Real Fictions, Fictitious Realities by Thomas Wulffen
in: catalogue: Blacked Out - George Cup & Steve Elliott - Retrospective, Berlin 2008


The country of Transnistria was recently the subject of a report in Deutschlandradio. This was not an examination from a literary perspective, but instead a journalistic report about Transnistria’s struggle for international recognition. For eighteen years, this tiny country not so far from Odessa has existed after declaring itself independent of the Moldavian Republic. Transnistria is not recognized by any other country and exists only for the inhabitants of Transnistria itself. What status does the nation of Transnistria possess for those who are not its inhabitants?

During the course of the theorizing about the structure of matter in the field of atomic physics, the English atomic physicist Peter Higgs conceived of the so-called Higgs particle, also known as the Higgs boson, whose existence has up till now not been proven. With the help of this construct it is possible to resolve contradictions in the Standard Model. If no trace of the Higgs boson is ever found, then the Standard Model is false.

In 1973 there appeared in the collection of texts Idea Art edited by the art critic Gregory Battcock a short text about the artist Hank Herron entitled “The Fake as More,” written by Cheryl Bernstein. Only thirteen years later was the text exposed as a fabrication and fiction by the critic Thomas Crow in his article “The Return of Hank Herron.” 

These examples bear witness in various ways to the function, impact and significance of fiction. The example of Transnistria is situated on the level of fictional objects in political space. Even if this state exists as such, on the one hand its non-recognition denies legitimation to its existence. But on the other hand, self-assertion is a fundamental element of every national order. The justification for the invasion of Iraq by American troops in 2003 largely consisted of a fiction based on the existence of weapons of mass destruction asserted to be in the hands of Saddam Hussein. The point of departure for this undertaking was information furnished by a BND agent with the alias “Curveball,” whose credibility was already subject to doubt beforehand, but whose assertions fit conveniently into the political calculations of the Bush administration. In political controversies, fictions are again and again declared to be realities, in order to be able to defy one’s opponent.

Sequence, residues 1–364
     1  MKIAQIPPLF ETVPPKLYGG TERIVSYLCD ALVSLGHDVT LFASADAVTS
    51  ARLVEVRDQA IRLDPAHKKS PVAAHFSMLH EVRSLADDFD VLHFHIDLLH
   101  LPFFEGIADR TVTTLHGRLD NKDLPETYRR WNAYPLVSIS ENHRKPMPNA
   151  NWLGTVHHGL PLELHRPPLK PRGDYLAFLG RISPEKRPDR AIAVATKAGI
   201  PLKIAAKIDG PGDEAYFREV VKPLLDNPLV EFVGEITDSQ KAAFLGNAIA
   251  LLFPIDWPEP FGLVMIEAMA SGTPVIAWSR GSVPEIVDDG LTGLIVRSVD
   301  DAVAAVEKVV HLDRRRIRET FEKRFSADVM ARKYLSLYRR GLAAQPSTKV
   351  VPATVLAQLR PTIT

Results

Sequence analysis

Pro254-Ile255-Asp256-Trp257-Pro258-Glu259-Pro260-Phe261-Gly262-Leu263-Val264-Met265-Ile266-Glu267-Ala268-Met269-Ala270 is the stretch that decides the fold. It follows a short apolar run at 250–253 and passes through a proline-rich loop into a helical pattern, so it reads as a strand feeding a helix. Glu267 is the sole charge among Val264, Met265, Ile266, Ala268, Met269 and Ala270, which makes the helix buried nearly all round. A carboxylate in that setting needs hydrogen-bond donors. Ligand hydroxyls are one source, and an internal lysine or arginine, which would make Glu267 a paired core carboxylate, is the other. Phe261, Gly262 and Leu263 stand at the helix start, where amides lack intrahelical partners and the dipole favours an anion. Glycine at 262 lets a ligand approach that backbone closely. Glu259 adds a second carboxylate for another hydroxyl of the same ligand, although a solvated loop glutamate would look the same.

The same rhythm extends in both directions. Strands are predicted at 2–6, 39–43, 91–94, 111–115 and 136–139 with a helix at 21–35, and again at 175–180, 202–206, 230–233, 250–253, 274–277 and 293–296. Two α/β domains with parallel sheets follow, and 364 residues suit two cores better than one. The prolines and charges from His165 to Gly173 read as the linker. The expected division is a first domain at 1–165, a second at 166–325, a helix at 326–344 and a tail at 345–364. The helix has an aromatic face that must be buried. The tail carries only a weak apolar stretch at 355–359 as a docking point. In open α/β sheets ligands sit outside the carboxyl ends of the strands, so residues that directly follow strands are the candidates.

In the field of science, the use of fictitious objects is a more or less legitimate means of scientific investigation and university debate. If inconsistencies or contradictions arise in a given system, they can be temporarily abrogated by the deliberate utilization of fictitious entities. The aforementioned example of the Higgs boson is one instance of this. But at the same time there is an indication here that a fictitious object can become a real one. This does not, however, allow the reverse conclusion that a real object can become a fictitious one.

Or could it be that we have here underestimated the significance of literature as an essential part of culture and art? In literature, there occurs the conversion of a real figure into a fictitious person. A famous example of this is the novel Buddenbrooks. Verfall einer Familie (Buddenbrooks. The Decline of a Family) by Thomas Mann, for which the history of the author’s own family served as the basis for the plot of the novel. What status does the figure of Tony Buddenbrook assume with regard to the model Elisabeth Mann? Is it not permissible in this case to proceed from the assumption that the figure of Elisabeth Mann takes on representational elements from the fictitious figure Tony Buddenbrook which are capable of effectively changing the real person?

In the contemporary highly complex societies of post-industrial nations, it may be considered as a given that their manners and means of identification are based on both so-called real and fictitious attributions. There where the dividing line between fact and fiction is scarcely perceptible any longer, the personality as well comes to be blurred in its situation somewhere between fact and fiction. Who is Brad Pitt? Who is Hank Herron? The latter can be reconstructed on the basis of the text by Cheryl Bernstein. But who is Cheryl Bernstein? For her part, Cheryl Bernstein is a figure penned by the art historian Carol Duncan who, together with her husband Andrew Duncan, developed the figure “Hank Herron.” 

This story, in the double sense of the word (translator’s note: Geschichte, “tale” or “history”) has been repeated on various levels and can itself make reference to a sort of model. Stefan Koldehoff’s book entitled Meier-Graefes van Gogh is subtitled Wie Fiktionen zu Fakten werden (How Fictions Become Facts). In 1998 William Boyd wrote the story of Nat TateÞAn American Artist 1928-1960. Behind this quite successful fiction (the text is complemented by photographic material on the life and work of Nat Tate) stand not only the man of letters Gore Vidal but also the musician David Bowie. In 1993 Warren Neidich discovered the “unknown artist” and, in a book of that title, situated him in the context of art history. But in fact this artist only constitutes a part of art history to the extent that he comes to the fore as an aspect of familiar depictions of artists’ meetings. It is also a matter, however, of an ironic self-image of Warren Neidich, who himself plays the unknown artist. The oeuvre of Dirk Dietrich Hennig is simultaneously a mirror and a repository for the theme of fiction and fact in the field of contemporary art on the level of the person, the archive and the operating system which is art.

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